Celebrity designer Ty Pennington is known for inspiring people with remodeled dream homes and providing tips for functional, stylish decor.
He is also one of millions of Americans who struggle with attention deficit hyperactivity disorder (ADHD). Other stars like game show host Howie Mandel and Olympic swimmer Michael Phelps have also wrestled with the condition throughout their lives.
But for every person at the top of their game who successfully manages their ADHD, there are countless others who aren't able to. In fact, some with the condition may find themselves at the bottom of society — in prison.
The same mental process evident in people with ADHD may also be associated with a tendency to criminal behavior, some experts say. While the link between the two is not well understood, some researchers are calling for more attention to this problem. Otherwise, there may be high costs to society, they say.
"If ADHD is left untreated, there is a serious risk that long-term problems will maintain substance use, consolidate antisocial attitudes and lifestyles and reduce the potential for rehabilitation," wrote researchers Susan Young and Emily Goodwin in an editorial last month in the journal Expert Reviews of Neurotherapeutics.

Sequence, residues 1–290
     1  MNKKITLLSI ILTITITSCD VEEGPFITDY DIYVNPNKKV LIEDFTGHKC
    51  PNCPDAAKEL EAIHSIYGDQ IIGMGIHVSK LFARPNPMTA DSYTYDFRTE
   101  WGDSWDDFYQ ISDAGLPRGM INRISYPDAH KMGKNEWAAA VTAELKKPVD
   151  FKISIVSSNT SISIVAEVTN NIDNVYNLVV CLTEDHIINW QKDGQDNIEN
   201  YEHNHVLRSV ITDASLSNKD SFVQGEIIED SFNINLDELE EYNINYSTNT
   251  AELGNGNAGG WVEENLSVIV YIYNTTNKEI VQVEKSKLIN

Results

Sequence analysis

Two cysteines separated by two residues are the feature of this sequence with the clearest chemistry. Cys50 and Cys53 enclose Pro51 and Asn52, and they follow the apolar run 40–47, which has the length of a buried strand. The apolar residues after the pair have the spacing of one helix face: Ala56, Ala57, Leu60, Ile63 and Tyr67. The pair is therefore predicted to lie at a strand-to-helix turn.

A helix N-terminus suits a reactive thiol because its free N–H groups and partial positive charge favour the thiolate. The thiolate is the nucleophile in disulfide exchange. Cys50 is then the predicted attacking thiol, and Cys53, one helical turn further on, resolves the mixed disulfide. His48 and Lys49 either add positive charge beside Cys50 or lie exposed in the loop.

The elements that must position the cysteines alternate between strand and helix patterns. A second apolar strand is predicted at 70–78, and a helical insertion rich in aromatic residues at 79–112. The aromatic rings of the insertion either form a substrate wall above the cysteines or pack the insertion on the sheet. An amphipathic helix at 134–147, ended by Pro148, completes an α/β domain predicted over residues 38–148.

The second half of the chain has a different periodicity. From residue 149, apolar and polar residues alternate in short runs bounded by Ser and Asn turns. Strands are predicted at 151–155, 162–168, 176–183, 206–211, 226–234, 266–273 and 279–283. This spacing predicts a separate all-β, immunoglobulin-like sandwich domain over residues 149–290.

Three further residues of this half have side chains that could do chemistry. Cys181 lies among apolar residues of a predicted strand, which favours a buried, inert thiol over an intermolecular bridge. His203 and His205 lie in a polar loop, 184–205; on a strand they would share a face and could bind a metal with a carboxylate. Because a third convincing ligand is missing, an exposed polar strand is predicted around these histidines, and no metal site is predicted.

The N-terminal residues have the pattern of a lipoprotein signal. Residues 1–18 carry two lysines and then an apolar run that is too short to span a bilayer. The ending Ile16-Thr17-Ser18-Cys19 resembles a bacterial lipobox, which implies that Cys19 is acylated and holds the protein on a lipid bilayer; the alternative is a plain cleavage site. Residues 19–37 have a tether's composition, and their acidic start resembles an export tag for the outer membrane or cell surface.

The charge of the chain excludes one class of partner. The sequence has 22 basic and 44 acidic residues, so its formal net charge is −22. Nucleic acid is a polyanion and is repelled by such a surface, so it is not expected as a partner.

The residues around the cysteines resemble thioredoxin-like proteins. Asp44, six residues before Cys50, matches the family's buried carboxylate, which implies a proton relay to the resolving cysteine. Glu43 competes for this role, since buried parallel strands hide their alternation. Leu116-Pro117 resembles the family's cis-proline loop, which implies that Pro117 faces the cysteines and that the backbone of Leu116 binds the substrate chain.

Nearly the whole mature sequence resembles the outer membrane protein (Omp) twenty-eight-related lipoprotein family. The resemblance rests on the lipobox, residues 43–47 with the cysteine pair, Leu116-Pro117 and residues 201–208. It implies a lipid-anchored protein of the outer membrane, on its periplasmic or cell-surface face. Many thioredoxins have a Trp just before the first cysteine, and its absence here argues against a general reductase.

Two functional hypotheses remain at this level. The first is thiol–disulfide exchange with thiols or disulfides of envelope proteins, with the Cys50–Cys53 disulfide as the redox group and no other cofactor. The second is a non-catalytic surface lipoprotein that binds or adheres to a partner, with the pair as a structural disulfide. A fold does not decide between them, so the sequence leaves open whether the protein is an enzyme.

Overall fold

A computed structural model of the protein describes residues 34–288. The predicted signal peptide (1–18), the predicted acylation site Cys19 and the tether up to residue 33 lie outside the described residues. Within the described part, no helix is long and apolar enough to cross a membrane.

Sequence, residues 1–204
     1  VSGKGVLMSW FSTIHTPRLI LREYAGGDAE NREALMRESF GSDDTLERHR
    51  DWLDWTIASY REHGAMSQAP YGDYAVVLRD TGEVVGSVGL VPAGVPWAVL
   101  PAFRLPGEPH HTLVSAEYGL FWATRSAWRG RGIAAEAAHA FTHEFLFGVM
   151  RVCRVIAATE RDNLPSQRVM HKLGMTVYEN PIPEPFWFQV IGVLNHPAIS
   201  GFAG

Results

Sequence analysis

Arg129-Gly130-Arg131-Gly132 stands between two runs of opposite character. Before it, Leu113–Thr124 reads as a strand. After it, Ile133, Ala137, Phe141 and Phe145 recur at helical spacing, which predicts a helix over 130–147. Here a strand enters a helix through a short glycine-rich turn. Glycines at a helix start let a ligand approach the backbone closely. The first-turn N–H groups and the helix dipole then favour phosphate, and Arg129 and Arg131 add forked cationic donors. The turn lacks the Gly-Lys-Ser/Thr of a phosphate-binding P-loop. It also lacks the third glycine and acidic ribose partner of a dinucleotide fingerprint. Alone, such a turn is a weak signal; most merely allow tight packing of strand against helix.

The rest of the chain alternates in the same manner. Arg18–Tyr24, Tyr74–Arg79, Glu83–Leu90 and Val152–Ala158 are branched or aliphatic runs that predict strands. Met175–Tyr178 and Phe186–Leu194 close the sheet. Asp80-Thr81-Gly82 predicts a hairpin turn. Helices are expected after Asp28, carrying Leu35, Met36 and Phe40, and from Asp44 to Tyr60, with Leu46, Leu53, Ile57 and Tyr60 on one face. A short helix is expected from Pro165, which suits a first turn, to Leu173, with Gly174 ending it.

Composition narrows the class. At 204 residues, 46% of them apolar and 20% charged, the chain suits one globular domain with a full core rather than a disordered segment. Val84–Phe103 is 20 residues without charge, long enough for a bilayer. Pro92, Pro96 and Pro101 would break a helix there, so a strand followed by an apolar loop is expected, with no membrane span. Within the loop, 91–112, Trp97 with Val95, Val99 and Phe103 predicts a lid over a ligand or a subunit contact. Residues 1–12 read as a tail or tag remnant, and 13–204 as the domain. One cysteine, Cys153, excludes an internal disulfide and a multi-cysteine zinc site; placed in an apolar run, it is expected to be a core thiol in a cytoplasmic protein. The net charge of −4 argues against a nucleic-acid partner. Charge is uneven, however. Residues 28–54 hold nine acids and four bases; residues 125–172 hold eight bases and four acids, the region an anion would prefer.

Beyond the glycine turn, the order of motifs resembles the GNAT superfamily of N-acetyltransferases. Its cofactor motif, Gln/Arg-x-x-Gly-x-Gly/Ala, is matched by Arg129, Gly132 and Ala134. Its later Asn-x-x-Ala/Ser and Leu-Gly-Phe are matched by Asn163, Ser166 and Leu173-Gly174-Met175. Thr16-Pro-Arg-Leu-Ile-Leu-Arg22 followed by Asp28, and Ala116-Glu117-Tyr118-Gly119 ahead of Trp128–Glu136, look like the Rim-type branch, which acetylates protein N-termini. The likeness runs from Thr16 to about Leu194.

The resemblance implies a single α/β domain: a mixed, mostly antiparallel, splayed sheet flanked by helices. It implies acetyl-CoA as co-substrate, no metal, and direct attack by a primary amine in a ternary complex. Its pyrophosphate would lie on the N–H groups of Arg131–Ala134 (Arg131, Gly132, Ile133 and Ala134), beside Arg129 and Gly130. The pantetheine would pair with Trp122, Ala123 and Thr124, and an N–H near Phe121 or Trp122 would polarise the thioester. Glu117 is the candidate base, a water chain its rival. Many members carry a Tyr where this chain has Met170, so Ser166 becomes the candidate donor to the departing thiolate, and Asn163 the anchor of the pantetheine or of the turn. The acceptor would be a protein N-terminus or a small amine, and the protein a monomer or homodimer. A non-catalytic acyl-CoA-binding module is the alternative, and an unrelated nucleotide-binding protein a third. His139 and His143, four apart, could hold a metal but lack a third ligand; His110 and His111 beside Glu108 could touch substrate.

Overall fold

"Given that ADHD is a treatable condition with interventions available ... the enormity of this problem and its associated costs are too great to bear," the researchers said.
ADHD in prisons
ADHD is characterized by impulsive behavior, hyperactivity and inattention, making it difficult to function at home, school or other settings. In the United States, about 5.4 million children ages 4 to 17 were diagnosed with ADHD, and about 66 percent of those children were receiving treatment, as of 2007, according to a recent report by the Centers for Disease Control and Prevention.
Treatments for the condition include behavioral counseling, parent and/or school training and medications like the stimulant drugs Ritalin, Adderall and Vyvanse.
Boys suffer from the condition at higher rate than girls — 13.2 percent of boys have it, compared with 5.6 percent of girls, according to the CDC.